Dependency Management in Ember

February 18, 2014

Ember does a lot of behind-the-scenes work to maintain the relationships and connections between objects in your application. All of Ember's internal objects and those in your application namespace have references stored in another object named Container. This container is referred to under different circumstances during your application's lifecycle to retrieve needed objects. Ember also manages complex dependencies between these objects using the same container.

What is Object Management in Ember?

Ember creates tons of objects for your definitions. For eg - the singleton router, instances of views that you/handlebars helpers defined and ofcourse your controller, models and templates.
Management of these objects in the context of Ember would involve doing the following -

  • Keep track of all the objects defined.
  • Retrieving stored objects vs Creating new objects where required vs Retrieve method as is.

When does dependency injection happen in Ember?

The answer to this question is - All the time!

  • You can always access your controller from the corresponding view.
  • You can always access your router from all the controllers.
  • In your route when you say setupController(controller, model), it may seem magical that controller and model objects are readily available to you. But this is injection and Ember does that for you.

Ember does all of these tasks using a class called Container.

{%highlight javascript%} var container = new Ember.Container(); {%endhighlight%}

Your whole application will only have one container that is created by Ember to hold all the component objects and connections between them.Ember accomplishes all the above magic through this container object.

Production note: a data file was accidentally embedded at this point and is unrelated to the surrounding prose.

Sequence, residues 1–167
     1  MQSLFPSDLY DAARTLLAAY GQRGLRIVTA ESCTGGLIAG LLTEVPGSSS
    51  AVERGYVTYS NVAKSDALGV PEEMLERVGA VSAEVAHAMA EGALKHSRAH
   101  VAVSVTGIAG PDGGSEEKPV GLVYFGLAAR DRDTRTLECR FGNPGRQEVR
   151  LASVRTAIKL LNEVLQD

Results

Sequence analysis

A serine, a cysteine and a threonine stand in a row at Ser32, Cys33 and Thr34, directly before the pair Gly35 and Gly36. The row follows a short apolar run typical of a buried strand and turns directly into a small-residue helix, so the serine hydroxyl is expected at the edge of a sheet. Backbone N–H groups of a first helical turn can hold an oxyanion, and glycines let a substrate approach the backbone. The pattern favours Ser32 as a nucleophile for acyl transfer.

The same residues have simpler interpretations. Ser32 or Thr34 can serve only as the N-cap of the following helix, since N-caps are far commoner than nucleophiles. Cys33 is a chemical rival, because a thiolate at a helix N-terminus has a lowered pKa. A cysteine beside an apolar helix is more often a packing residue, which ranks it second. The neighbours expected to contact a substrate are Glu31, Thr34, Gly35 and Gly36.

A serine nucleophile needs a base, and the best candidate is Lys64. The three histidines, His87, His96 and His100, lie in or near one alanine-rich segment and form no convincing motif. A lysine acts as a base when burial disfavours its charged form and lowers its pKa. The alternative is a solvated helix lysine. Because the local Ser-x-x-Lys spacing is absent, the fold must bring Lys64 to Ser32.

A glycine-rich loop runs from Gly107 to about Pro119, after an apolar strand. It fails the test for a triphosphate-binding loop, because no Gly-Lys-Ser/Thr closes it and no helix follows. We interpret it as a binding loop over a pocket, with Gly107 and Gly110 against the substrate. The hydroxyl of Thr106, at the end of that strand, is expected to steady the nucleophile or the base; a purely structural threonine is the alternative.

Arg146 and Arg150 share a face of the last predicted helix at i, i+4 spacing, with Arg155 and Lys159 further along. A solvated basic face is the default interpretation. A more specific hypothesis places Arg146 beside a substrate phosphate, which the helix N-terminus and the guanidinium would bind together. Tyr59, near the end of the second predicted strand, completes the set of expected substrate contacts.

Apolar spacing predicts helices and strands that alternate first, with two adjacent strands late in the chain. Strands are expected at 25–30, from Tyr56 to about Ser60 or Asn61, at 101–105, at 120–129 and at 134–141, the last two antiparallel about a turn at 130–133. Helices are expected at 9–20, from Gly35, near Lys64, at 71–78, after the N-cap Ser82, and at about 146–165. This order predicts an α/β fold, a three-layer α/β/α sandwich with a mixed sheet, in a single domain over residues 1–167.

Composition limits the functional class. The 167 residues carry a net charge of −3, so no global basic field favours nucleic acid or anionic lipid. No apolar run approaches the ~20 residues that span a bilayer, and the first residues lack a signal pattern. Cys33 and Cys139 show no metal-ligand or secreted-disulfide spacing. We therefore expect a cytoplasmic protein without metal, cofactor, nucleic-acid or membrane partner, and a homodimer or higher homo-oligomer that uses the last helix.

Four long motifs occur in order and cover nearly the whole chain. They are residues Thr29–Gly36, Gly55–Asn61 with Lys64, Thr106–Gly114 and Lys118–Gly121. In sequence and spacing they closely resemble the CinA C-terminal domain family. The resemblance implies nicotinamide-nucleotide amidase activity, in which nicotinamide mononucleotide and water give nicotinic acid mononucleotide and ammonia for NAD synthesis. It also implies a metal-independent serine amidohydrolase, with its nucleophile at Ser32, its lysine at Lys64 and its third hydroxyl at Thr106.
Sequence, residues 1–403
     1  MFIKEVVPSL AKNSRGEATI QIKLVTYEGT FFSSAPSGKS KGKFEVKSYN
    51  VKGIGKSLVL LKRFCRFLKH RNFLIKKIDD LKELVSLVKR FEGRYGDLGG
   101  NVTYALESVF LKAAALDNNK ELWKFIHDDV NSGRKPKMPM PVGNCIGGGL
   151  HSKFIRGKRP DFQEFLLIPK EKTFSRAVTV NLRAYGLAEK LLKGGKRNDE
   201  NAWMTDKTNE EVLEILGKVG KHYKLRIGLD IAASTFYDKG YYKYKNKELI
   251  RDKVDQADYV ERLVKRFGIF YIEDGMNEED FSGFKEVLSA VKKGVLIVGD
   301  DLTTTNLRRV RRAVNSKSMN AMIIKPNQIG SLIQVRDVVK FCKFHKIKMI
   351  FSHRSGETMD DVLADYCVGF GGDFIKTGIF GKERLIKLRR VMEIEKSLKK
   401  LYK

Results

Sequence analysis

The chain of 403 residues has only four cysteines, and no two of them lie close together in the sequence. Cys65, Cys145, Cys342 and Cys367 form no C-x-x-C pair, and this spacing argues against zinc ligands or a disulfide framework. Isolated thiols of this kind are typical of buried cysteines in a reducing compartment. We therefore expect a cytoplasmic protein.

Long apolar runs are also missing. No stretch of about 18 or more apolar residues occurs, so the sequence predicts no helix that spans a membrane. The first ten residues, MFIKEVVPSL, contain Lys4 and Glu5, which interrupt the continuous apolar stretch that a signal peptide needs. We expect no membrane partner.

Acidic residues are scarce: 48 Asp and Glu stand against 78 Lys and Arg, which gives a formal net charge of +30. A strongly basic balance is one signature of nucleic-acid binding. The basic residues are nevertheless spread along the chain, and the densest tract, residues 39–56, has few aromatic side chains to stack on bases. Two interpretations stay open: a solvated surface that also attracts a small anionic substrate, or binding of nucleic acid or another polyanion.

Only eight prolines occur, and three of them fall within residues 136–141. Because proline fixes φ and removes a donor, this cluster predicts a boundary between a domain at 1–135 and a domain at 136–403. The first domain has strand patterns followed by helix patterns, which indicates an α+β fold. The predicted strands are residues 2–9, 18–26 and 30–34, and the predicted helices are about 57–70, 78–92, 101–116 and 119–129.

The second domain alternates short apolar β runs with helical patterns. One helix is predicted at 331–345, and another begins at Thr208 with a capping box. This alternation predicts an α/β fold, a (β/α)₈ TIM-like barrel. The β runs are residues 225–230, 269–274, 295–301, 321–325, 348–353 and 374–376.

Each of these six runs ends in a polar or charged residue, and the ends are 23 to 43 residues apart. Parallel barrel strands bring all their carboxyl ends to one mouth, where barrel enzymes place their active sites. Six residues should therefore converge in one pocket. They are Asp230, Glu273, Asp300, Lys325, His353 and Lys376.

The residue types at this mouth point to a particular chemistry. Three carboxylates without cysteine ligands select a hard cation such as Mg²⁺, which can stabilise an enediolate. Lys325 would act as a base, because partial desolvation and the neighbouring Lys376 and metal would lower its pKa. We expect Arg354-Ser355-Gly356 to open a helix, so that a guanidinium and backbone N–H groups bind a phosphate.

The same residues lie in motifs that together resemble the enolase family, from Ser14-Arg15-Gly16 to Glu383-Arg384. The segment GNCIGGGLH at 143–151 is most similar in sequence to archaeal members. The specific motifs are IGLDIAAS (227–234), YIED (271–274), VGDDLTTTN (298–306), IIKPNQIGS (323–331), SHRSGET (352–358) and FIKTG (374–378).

Keep track of all the objects defined.

When you define an object, say,

{%highlight javascript%} window.App = Ember.Application.create({ rootElement:"#mainPage", LOGTRANSITIONS: true, LOGBINDINGS:true }); {%endhighlight%}

Ember registers this 'factory' to the container's registry as application:main

{%highlight javascript%} container.register('application:main', Ember.Application.create({ rootElement:"#mainPage", LOGTRANSITIONS: true, LOGBINDINGS:true });) {%endhighlight%} The parameters required to register are

  1. param1 - application:main Here the part before : is the type of the function definition. The part after : is the name of the particular definition.

  2. param2 - This is the function definition that you provided. This is referred to as the factory

Lookup Objects

The api container.lookup allows the application to retrieve objects from the container as and when required.

{%highlight javascript%} container.lookup('application:main'); {%endhighlight%}

The lookup basically resolves the string that you have passed to type and name and looks up the factory in the registry. Once the factory has been found, one of the following 3 things has to be decided before returning the object required.

  • Return the factory as it is (in case of a template function)